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Eric Packer (Robert Pattinson),a 28-year-old billionaire asset manager, heads out in his tricked-out stretch limo, while remotely wagering his companys massive fortune on a bet against the Chinese Yuan. His trip across the city quickly turns into a wild, hypnotic odyssey as he encounters explosive city riots and a parade of provocative visitors. Having started the day with everything, Packer s perfectly ordered, doubt-free world is about to implode. Bonus Features: Citizens of Cosmopolis Featurette, Audio Commentary with David Cronenberg.
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A cult classic that will be revered in the years to come.
The movie deals heavily in allegory and is chock full of metaphors of the declining state of society as interpreted by screenplay-writer/director David Cronenberg from the Don DeLillo novel. Though there actually are a few points along the way that give the story some life - interesting visuals and important moments - they are dragged down by the somber overtones and sullenness of the portrayals. Of course, this is drama, but overall the film leans too severely on unrelieved angst.
last third of the film, and the ending). Only cab drivers and barbers escape Cronenberg's withering sardonic humour and sarcasm, as he jabs billionaires (played, almost effortlessly, by Robert Pattinson), bitchy wives, narcissistic men and women, lesbians (but who end up being smarter than their bosses), doctors, bodyguards, anti-globalists, Mark Rothko (his paintings prominently displayed in the closing credits),
immigrants, guns, mental illness, sex, body odors, diners, agoraphobia, joggers, IT nerds, and even manages to insult rats, yes, rats. Lynch
has done this before ("Mulholland Drive", "Inland Empire") and Robert Altman ("The Player"), but none of these were films about nihilism, about the eradication of reason and empathy, in the human soul. This film is a voyage through that eradication. If Cronenberg's brilliant "Crash" is one car crash (+ sex) after another, then "Cosmopolis" is one long crash (+ some sex). We just don't get to see the crash. This is a hilarious film without any laughter (and I did not laugh when I watched this film; quite the opposite). "Gentlemen, what we have here, is a failure to communicate". Yes, on practically every human level. The rats communicate more than the humans, who talk past each other,
as they nurse their own personal demons, totally oblivious to any other human (except the barber and the cabbie turned bodyguard). Cronenberg has produced a map of nihilism and what it can, and does, do to the human soul, deprived of love, empathy, community, health, almost everything, but especially what society does to those who make too much money, and those who used to make too much money,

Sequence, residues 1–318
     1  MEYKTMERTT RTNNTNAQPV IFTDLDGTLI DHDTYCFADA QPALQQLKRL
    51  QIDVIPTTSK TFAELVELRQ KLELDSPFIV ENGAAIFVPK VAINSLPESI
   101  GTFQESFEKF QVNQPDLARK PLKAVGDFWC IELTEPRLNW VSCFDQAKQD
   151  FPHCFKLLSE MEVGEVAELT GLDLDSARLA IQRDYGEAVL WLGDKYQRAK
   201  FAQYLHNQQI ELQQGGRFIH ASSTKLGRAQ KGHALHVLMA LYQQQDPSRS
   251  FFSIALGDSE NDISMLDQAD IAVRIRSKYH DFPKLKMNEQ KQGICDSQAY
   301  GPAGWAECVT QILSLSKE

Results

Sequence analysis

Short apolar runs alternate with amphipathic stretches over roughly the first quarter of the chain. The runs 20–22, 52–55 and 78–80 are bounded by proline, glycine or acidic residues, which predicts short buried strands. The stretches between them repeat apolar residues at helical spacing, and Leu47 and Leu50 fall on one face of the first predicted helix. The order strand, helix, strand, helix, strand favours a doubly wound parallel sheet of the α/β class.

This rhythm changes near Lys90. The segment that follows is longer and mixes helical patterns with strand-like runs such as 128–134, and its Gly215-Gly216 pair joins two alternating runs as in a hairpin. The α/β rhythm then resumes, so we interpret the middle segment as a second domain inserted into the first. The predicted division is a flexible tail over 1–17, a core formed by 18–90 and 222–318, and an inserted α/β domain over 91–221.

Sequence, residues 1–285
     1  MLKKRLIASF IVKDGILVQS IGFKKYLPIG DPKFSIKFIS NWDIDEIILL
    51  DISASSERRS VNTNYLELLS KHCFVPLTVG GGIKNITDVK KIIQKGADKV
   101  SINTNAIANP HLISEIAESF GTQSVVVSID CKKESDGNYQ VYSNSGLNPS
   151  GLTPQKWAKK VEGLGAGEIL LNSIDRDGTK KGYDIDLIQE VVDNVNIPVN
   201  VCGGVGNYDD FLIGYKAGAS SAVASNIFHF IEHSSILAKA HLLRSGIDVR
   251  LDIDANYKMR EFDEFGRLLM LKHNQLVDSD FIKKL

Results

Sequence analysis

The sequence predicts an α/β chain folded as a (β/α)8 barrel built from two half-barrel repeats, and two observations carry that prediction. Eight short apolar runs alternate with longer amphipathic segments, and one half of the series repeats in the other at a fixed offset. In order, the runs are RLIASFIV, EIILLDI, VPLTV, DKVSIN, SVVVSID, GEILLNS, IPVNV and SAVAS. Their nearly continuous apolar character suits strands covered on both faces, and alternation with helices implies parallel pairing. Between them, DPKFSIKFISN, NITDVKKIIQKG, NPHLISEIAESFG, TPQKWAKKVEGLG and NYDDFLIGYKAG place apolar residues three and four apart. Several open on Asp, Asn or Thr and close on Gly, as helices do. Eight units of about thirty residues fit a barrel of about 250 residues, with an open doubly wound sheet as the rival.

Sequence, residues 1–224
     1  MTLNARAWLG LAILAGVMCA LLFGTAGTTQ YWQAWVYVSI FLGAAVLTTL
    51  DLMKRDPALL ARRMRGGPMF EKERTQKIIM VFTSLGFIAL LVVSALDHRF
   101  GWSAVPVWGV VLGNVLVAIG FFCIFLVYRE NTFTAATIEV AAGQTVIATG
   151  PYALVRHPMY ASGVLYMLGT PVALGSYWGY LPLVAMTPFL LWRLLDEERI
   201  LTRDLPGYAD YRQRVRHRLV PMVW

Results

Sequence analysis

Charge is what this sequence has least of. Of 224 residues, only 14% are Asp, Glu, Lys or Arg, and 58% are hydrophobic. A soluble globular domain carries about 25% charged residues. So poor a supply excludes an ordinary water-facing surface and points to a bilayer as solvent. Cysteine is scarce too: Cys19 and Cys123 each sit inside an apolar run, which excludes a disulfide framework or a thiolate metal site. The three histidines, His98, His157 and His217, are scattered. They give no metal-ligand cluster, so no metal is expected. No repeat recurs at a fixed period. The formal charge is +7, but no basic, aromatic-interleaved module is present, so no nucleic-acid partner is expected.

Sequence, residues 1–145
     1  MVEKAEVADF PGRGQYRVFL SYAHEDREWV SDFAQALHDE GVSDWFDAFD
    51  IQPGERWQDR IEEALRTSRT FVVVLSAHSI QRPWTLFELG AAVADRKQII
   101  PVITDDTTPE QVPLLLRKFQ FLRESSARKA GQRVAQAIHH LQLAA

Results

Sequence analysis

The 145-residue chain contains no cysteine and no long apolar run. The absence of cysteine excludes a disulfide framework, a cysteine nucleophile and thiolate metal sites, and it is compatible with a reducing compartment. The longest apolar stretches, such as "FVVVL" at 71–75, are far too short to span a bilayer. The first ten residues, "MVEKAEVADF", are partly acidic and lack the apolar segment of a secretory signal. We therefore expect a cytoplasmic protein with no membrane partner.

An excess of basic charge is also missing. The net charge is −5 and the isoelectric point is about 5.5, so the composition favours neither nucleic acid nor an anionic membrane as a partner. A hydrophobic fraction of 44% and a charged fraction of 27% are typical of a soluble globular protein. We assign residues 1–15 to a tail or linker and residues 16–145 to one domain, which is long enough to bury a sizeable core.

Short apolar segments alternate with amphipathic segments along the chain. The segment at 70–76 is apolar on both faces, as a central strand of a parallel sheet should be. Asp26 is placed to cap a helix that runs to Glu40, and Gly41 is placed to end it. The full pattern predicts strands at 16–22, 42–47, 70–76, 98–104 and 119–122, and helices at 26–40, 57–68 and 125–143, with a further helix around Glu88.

and those, who make none at all. Why does an older generation Italian-American barber (former cabbie) bond with a middle-aged African immigrant (former cabbie), when all the middle-aged and younger White hedonists in Manhattan (Toronto as the actual site of filming) compete with each other to see, who is the most narcissistic ? We don't know, but Cronenberg seems to be saying something about race, age, profession and plunder, as different facets of human nature, but some are more humane than others. The nadir of Eric Packer's (Pattinson) journey, comes when he crosses self-pity with Richard Sheets aka Benno Levin, played with Academy Award-level quality, by Paul Giamatti. Levin (Sheets) used to work for Packer, but of course, Packer does not know him from Adam, as a CEO, he need not. Levin shoots at him, and Packer chases him down in his "rathole" apartment, a frightened, agoraphobic, mentally ill, man, who once stood for something important, but lost track of what it was. Packer reminds him of what it was, and Levin self-destructs, as he realizes that his life meant nothing, without his job, which he could not keep pace with. At the same time, Packer self-destructs in an orgy of narcissistic self-pity, only possibly exceeded by Levin's. Two men, one giant complex, and an asymmetric prostate. I will say no more, but the last 1/3 of the film is priceless. Both Pattinson and Giamatti are something to behold, as they try to outdo one another in self-victimhood and insanity. If you do not get this film, it is because, you are not SUPPOSED to get this film. You are supposed to feel this film and watch different facets of humanity claw their way, among the rats, for recognition and for empathy, totally incapable of generating any on their own. This is not, perhaps, Cronenberg's best film, or maybe it is (and, oh so many, to choose from). It is not didactic like "Eastern Promises", "A History of Violence" or "A Dangerous Method". It is the antithesis of "eXistenZ", the unwombing and unhybridizing of a man, who lives out of a white limousine (later, in the film, not so white), and doesn't even know how to bond with a rat. If you are a cynic, let alone, a nihilist, this film may or may not answer your questions or confirm your beliefs, but you will not forget this film for a long while, because Cronenberg does not want you to. And in that sense, Cronenberg himself, is as much the hedonist, as those he mocks, but he ISN'T out of a job.